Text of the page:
Sprouts employes 21,000 workers.
Sprouts employes 21,000 workers.

Sprouts Farmers Market is the latest corporation to fall victim to a W-2 phishing scam, with the company admitting an employee sent off the tax data for all its workers to an unknown person.

Sprouts, is a Phoenix, Ariz.-based supermarket chain with about 21,000 employees and 200 stores. The company said the employee received an email purportedly from a Sprouts senior executive asking for the 2015 W-2 statements of all Sprouts workers. The data was compiled and sent off after which the company realized the error.

Sprouts spokeswoman Donna Egan confirmed the breach with SCMagazine.com in an email Tuesday.

"Sprouts is working with the FBI and the IRS to investigate this crime and to determine the best ways to protect team member tax information. Anyone who received a W-2 form from Sprouts for 2015 may be impacted," she said.

Sprouts joins Seagate, Snapchat and several other high profile firms that have been hit with a similar attack.

Security executives all pointed out the difficulty of preventing socially-engineered phishing attacks, but at the same time agreed that companies must better educate staffers on security issues, while incorporating some basic changes that make it harder for the average payroll employee to make such a monumental mistake.

“The question to ask about the Sprouts data breach is why that payroll employee had on-demand access to so much sensitive information? If a payroll employee wants one W-2, then maybe you just let them have it. If that same employee wants all of them all at once, then there should be something that triggers to say this is a different sort of request that deserves more scrutiny,” said Jonathan Sander, vice president at Lieberman Software to SCMagazine.com in an email Tuesday.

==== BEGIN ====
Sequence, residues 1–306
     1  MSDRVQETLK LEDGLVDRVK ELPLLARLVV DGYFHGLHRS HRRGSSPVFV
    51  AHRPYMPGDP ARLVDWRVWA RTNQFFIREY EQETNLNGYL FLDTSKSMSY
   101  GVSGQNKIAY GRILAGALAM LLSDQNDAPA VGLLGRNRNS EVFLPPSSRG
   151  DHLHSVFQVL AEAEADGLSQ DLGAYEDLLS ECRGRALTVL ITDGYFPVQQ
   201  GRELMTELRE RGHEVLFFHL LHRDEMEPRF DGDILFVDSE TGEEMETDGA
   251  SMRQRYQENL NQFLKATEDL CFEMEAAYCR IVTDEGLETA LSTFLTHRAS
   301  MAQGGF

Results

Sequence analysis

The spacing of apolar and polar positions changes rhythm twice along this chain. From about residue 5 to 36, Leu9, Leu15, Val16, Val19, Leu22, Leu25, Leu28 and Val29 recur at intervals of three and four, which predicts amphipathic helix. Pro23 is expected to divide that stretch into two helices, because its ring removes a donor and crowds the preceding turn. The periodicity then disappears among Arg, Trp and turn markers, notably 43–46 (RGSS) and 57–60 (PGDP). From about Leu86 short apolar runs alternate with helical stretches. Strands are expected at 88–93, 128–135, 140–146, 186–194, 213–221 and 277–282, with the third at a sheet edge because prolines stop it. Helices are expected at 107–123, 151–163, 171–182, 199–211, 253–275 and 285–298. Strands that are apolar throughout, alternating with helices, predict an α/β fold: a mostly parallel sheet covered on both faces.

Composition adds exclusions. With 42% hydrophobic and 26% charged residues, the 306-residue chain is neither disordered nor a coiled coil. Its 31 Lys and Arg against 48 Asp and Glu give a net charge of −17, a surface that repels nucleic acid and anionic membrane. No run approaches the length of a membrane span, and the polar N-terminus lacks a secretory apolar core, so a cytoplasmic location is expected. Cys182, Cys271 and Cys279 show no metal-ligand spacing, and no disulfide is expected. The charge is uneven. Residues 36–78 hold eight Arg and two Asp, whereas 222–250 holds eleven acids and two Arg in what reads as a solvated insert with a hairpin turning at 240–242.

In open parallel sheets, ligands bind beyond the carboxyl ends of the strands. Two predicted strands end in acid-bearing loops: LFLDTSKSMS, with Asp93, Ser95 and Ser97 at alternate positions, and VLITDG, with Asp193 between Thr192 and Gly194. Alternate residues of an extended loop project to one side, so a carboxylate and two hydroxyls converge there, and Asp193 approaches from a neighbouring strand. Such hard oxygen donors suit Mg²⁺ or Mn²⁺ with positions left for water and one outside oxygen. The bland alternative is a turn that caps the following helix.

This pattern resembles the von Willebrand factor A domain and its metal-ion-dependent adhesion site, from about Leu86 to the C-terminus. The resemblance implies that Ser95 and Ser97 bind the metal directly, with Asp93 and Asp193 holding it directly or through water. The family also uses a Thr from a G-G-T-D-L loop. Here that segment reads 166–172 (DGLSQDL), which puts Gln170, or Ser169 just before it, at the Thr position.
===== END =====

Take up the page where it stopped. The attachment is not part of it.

Nathan Sorrentino, marketing program manager at STEALTHbits Technologies, said education is another building block in the wall needed to safeguard data.

“Until organizations become more proactive in training their employees to look for the signs of this now all-too-common phishing scam, the attacks will continue into the foreseeable future,” he told SCMagazine.com in an email.

There are also some immediate practical steps and technology that can be implemented to help correct for human error.

“As a best practice, personal identifiable information should never be transmitted in an un-encrypted format,” said Brad Bussie, director of product management at STEALTHbits Technologies.

Craig Young, computer security researcher at Tripwire, suggested companies try something old fashioned: Simply double check that the request is legitimate.

“In general, whenever a request is received to send sensitive personal information outside of regular business processes, it is always a good idea to validate the request through a separate channel such as via telephone,” he told SCMagazine.com today.